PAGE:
This post is a submission to the June 2015 Carnival of Aces on the topic of mental health.
Trigger warnings: reference to sexual assault (but no explicit discussion), frank and explicit discussion of PTSD. In general this post is pretty bleak so if you don’t feel like handling that right now, I suggest skipping over it. If you think this needs other warnings let me know and I will be happy to add them.
This probably isn’t news to anyone who follows my blog, but I have PTSD. I’ve had it for a little less than seven years, although I wasn’t formally diagnosed until two years ago.
When I tell people I have PTSD, I think they have a very particular image in their head of what that’s like–PTSD is a (male) veteran waking up from nightmares of the war, drenched in sweat. The problem is, while that might be what PTSD is like for a very particular subset of the population, that’s not what PTSD is like for me at all.
Imagine you’re playing a video game. You have to get through the level, jump over the fire pits, fight off the enemies along the way, and then defeat the boss. It’s not a particularly easy game, but it’s definitely not impossible. The problem is, for some reason you’re stuck on the same level. You defeat the boss, the triumphant level completion music plays, and then you find yourself back at the beginning and have to start all over again. You have to jump over the same fire pits, fight off the same enemies, and then defeat the same boss. No matter how well you do, you always wind up back at the beginning. After a while, you start learning tricks to get through the level faster–if you don’t step on that triangular patch on the ground, you don’t have to fight off the mechanical crocodiles, and if you take a right instead of a left at the fork, you can avoid two of the fire pits. But that doesn’t change the fact that you’re playing the same level over and over and over and over and over.
For me, PTSD is like playing that same level over and over. I have been playing this same level for the past seven years, and, honestly, it’s not getting any more interesting. It’s frustrating and exhausting and boring and if I forget to avoid that triangular patch, I have to fight off mechanical crocodiles. I would really rather do something else–move on to the next level, play a different game, turn off the computer and read a book–but I’m stuck. I don’t know if I’ll ever be able to move on to the next level; all I can control is how well I play the game, how well I get through the level, whether I lose half my health to a gout of fire or whether I manage to side-step it entirely. I can learn where the triggers are, and try to avoid them (like that triangular patch I just jump over), but sometimes I slip up and sometimes I don’t know about a trigger and some triggers are just unavoidable.
The good news is that there are these mystery boxes called “therapy” that you can purchase! Some of them have really cool power-ups, like a sword of +20 crocodile slaying or a jetpack that allows you to fly over the flame pits. Some of them have power-ups that are entirely useless, like a cloak that allows you to breathe underwater when there is very clearly no water in this entire level. And some of them you open and, surprise! It’s Heterosexist Joe, who follows you around and suggests that perhaps you’re really straight and just think you’re asexual because of trauma. There’s no real way to tell what the mystery box contains until you buy it, so it might seem like a better idea to avoid them altogether. (That’s assuming you have the money to buy a mystery box and that you have access to them at all, of course.) I mean, I’ve mostly been lucky with them, but one time I got stuck with I’m Pretty Sure You’re Actually Just a Lesbian Sally, who was a real drag, so I can’t blame anyone who might not want to take that risk.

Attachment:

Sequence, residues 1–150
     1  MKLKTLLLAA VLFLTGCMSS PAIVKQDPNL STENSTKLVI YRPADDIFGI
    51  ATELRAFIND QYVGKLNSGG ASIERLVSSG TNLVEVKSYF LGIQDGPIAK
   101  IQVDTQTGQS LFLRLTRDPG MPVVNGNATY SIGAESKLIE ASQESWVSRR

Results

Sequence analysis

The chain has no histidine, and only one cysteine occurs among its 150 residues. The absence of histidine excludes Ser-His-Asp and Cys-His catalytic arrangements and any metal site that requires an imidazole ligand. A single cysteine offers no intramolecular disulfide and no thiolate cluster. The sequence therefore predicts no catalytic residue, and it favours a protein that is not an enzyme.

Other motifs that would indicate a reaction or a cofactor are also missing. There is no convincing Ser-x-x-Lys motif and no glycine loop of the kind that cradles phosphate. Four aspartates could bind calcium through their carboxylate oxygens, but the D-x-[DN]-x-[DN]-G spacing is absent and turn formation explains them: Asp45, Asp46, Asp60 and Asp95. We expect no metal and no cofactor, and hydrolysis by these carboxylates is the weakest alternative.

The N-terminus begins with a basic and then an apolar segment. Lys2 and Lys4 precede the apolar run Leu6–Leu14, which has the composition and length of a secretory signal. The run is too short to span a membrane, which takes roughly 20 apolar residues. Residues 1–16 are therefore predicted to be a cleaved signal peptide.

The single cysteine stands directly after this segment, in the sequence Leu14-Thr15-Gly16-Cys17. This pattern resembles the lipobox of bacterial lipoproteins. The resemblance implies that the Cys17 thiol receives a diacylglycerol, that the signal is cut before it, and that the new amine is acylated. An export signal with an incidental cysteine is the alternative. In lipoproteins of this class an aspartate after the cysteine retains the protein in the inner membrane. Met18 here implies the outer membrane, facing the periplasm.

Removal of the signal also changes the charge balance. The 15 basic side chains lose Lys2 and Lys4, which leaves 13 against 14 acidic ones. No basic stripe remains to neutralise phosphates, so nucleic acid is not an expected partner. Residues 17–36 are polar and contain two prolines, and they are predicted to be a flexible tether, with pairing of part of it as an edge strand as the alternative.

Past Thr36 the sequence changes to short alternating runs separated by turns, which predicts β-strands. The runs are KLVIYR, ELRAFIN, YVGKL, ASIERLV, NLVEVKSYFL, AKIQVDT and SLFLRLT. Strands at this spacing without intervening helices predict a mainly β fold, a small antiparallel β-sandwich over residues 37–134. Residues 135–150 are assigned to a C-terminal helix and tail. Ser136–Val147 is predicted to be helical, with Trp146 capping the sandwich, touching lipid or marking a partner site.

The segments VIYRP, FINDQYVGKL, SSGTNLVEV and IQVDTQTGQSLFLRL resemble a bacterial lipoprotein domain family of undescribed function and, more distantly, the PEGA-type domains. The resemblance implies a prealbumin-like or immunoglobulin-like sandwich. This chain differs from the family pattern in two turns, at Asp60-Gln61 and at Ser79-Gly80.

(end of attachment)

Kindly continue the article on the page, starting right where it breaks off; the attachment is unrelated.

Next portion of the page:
Remember how I said I’ve had PTSD for seven years but wasn’t diagnosed until two years ago? Well, the only reason I was diagnosed was because two years ago I was sexually assaulted again. I wasn’t ready to talk about what happened then, and I’m still not ready to talk about it now. It’s hard to describe what it’s like, when you’ve finally started healing from trauma and then are retraumatized. Besides the hypervigilance and panic attacks and dissociation and nightmares, it felt like since I had been assaulted twice, a third and a fourth and a fifth time was inevitable. It felt like I would spend the rest of my life being assaulted, recovering, and then being assaulted again. To return to my video game metaphor, it felt like someone had gone and switched me from playing on normal mode to HELL MODE. Suddenly, everything was a fire pit, everything was a trigger, all the crocodiles were now armed with flame-throwers. Oh, also, my controller started glitching so I couldn’t control my character properly half the time. It was the worst gaming experience of my life, -5/10, would not recommend.
If you knew me two years ago and you’re only hearing about this now (and there are, I’m afraid, a lot of you), there’s a pretty good chance you didn’t notice anything was wrong. I barely told anyone what was going on. I withdrew and lost contact with a lot of people. I was afraid that people wouldn’t believe me or would blame me or would take the perpetrator’s side or wouldn’t want to deal with someone who was mentally ill. I was very good at pretending that everything was okay even as I couldn’t sleep and dissociated half the day. I got very good at laughing off what I was going through, at hiding behind cute metaphors. I thought that if people knew how much I was struggling, they wouldn’t want anything to do with me; people want friends who are fun and happy, not friends who jump at the slightest sound and break down crying for no discernible reason.